Alumnus Puts Purdue Program on Fast Track Purdue University’s Department of Speech, Language, and Hearing Sciences recently received an unprecedented $10 million gift from a former speech-language pathologist and Purdue alumnus. The gift will be used toward the construction of the new Lyles-Porter Speech, Language, and Hearing Sciences facility, which will house the department’s research labs, preschool, ... Features
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Features  |   March 01, 2010
Alumnus Puts Purdue Program on Fast Track
Author Notes
  • Kellie Rowden-Racette, print and online editor for The ASHA Leader, can be reached at krowden-racette@asha.org.
    Kellie Rowden-Racette, print and online editor for The ASHA Leader, can be reached at krowden-racette@asha.org.×
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Speech, Voice & Prosodic Disorders / School-Based Settings / Professional Issues & Training / Features
Features   |   March 01, 2010
Alumnus Puts Purdue Program on Fast Track
The ASHA Leader, March 2010, Vol. 15, 33. doi:10.1044/leader.FTR3.15032010.33
The ASHA Leader, March 2010, Vol. 15, 33. doi:10.1044/leader.FTR3.15032010.33
Purdue University’s Department of Speech, Language, and Hearing Sciences recently received an unprecedented $10 million gift from a former speech-language pathologist and Purdue alumnus. The gift will be used toward the construction of the new Lyles-Porter Speech, Language, and Hearing Sciences facility, which will house the department’s research labs, preschool, and outpatient clinics.
The gift came from Marybeth Lyles Higuera, a fourth-generation alumnus of the West Lafayette, Ind., university, who graduated in 1959 with a bachelor’s degree in speech-language pathology.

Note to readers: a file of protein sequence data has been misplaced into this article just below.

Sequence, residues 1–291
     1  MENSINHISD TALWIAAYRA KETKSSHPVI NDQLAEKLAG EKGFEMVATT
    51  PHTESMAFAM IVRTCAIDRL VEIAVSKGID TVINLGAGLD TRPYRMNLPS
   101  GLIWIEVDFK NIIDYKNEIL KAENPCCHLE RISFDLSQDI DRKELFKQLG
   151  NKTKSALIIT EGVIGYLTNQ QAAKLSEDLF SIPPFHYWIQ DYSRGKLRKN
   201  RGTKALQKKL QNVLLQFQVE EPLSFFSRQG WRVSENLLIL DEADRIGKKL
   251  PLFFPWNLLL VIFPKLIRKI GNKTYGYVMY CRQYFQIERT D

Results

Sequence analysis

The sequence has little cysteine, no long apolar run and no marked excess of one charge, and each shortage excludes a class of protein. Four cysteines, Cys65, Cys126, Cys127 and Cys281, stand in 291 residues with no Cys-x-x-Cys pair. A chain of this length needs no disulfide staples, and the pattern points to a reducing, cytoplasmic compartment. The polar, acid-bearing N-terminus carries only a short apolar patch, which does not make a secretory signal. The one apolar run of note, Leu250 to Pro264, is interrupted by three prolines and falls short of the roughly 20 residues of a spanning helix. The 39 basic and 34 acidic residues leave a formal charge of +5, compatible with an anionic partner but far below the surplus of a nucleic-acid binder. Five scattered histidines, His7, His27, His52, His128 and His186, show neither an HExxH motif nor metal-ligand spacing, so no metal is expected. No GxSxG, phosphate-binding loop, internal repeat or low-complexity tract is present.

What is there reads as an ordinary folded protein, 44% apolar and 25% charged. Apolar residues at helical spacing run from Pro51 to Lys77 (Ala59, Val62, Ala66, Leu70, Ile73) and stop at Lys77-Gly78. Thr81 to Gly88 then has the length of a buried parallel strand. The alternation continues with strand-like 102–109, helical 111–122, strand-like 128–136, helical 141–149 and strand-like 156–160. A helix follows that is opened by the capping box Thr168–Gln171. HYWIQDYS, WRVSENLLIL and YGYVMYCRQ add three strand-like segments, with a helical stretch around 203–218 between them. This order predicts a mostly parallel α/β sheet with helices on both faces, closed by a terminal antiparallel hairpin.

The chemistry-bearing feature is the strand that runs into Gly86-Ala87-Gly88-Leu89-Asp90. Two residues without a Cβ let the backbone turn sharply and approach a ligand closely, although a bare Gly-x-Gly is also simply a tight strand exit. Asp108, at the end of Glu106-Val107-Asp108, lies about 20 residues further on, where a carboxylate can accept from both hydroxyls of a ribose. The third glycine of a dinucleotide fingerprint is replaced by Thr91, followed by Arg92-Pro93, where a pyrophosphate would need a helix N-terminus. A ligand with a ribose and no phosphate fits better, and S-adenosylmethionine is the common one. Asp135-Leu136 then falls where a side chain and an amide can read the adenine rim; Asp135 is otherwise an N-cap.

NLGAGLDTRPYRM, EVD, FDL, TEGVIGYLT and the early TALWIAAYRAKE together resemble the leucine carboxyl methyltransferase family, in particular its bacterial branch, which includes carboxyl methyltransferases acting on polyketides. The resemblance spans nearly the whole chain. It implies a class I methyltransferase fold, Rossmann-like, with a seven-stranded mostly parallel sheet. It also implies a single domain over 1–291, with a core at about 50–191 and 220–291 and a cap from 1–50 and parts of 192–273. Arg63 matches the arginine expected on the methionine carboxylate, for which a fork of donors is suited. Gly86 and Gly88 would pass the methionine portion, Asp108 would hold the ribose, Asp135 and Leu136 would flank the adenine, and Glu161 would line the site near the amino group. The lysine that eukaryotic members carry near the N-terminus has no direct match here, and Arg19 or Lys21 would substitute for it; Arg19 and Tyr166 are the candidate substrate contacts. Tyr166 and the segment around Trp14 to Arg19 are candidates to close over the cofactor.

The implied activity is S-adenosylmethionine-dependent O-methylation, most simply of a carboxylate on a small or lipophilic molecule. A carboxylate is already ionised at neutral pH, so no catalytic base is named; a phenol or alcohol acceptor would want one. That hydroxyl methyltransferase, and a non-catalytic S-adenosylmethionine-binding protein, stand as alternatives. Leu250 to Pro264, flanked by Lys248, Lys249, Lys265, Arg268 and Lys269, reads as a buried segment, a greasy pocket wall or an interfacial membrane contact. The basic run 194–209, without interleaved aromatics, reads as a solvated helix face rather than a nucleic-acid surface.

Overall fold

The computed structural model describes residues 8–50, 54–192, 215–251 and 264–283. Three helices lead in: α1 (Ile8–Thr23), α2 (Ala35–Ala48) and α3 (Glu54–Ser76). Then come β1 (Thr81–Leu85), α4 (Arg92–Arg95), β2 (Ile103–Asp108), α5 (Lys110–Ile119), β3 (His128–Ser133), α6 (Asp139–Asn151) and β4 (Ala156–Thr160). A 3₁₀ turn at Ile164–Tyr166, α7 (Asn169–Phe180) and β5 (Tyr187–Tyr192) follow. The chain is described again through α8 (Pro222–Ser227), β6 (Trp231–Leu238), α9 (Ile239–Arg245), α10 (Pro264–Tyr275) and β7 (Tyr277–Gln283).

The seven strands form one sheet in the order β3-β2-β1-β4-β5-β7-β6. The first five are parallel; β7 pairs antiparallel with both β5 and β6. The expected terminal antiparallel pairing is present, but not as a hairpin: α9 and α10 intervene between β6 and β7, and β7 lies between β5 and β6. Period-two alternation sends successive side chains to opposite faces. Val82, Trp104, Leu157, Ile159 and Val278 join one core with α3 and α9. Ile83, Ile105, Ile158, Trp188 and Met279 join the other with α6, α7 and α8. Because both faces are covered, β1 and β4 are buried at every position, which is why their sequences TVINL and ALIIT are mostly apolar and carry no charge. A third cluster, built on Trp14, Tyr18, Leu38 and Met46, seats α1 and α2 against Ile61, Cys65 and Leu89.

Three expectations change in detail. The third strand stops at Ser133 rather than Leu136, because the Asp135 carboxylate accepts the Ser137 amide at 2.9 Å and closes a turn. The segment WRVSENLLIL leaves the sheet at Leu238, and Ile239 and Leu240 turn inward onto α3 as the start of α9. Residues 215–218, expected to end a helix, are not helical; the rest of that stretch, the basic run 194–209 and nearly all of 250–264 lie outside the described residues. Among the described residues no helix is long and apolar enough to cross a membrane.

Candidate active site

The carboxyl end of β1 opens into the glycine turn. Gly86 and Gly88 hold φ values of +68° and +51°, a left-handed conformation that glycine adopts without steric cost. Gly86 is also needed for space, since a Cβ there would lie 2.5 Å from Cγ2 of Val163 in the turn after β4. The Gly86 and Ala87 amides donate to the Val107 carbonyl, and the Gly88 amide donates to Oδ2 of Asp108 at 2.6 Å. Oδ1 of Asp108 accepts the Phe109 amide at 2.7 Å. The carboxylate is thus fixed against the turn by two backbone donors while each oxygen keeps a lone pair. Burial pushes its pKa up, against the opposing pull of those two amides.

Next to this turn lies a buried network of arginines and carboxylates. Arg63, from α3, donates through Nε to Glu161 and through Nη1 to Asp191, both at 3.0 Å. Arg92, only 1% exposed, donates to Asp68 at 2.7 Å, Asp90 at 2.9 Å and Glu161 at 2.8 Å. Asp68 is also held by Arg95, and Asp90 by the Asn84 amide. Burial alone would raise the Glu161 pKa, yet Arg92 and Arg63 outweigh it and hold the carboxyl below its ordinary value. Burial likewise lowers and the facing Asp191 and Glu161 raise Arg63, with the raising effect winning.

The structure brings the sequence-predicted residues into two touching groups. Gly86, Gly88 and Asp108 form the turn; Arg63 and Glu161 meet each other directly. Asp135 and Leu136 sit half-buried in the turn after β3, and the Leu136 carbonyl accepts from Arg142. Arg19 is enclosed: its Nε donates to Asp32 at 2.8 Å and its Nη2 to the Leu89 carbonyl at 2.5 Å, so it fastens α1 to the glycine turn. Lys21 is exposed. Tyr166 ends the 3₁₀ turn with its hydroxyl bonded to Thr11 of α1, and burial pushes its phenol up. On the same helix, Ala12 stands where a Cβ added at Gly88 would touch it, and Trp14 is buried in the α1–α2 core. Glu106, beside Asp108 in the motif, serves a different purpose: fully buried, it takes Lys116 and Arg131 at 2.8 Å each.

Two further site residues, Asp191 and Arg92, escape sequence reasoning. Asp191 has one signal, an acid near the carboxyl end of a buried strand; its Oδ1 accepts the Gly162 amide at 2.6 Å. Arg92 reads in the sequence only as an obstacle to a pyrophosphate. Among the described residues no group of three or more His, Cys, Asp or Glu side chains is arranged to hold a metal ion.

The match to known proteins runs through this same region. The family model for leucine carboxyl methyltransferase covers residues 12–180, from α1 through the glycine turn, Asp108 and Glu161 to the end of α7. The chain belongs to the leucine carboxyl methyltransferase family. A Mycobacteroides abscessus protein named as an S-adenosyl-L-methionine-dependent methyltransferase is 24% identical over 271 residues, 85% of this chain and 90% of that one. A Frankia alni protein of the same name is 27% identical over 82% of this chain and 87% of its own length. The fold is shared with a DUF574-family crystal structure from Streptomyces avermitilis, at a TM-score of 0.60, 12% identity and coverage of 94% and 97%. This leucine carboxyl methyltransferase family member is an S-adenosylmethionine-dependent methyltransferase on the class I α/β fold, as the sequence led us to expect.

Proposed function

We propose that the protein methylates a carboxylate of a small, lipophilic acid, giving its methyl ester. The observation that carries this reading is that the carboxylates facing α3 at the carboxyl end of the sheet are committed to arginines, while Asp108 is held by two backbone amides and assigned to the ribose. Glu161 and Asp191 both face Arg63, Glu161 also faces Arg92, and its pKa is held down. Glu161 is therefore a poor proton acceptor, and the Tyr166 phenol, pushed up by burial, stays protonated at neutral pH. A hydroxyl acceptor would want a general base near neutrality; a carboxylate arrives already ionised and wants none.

“I was blown away,” said Robert Novak, ASHA Fellow and department head. “I had written two proposals, one for the building and one for a possible endowed chair. We were hoping for $5 million. Then she [Higuera] gave us $10 million. Everyone is very excited.”
The department, housed in the College of Liberal Arts, is home to 22 tenure-track faculty, 15 clinical faculty and staff, 260 undergraduates, and more than 100 graduate students. Overall, about 1,500 Purdue students enroll in the department’s classes; in its 75-year history, the department has graduated approximately 3,600. The department is located in the basement and other parts of an older university building, which has only one accessible entrance and an elevator that “sometimes works, sometimes not,” making it difficult for some patients to access the clinics. The new facility, which will be approximately 40,000 square feet and cost almost $25 million to complete, will not only enhance accessibility, Novak said, but also could provide a significant boost for the department and its research capabilities.
“Looking back, we’ve made lemonade out of lemons and have done well, but when you look at our peers who are ahead of us, they all have their own facilities where all aspects of the programs are integrated,” Novak said. “This is where we need to go next.”
Higuera, who also completed a master’s degree in audiology at California State University of Long Beach, practiced as an SLP in California public schools and eventually established her own private practice. As a speech-language pathology major at Purdue in the 1950s, she recalls having received stellar training and credits the department for preparing her for a successful career.
“When I came to California, I had a good education and felt I could handle whatever was thrown at me,” Higuera said in an interview with The ASHA Leader. “I want the students of Purdue to have the opportunity to have as good of an education as I had. I’m hoping that Purdue can continue to be a leader in the field and not be hindered by outdated facilities.”
Completion of the Lyles-Porter Speech, Language, and Hearing Sciences facility will take five years. Although the $10 million will go a long way, the department still must raise the additional $15 million to complete the project.
“It’s going to be a transformational gift that’s going to put Purdue on the fast track,” Novak said. “It’s one of the largest gifts we’ve received here at Purdue, and I hope it will encourage others with the capacity to give to help us raise the remaining funds.”
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March 2010
Volume 15, Issue 3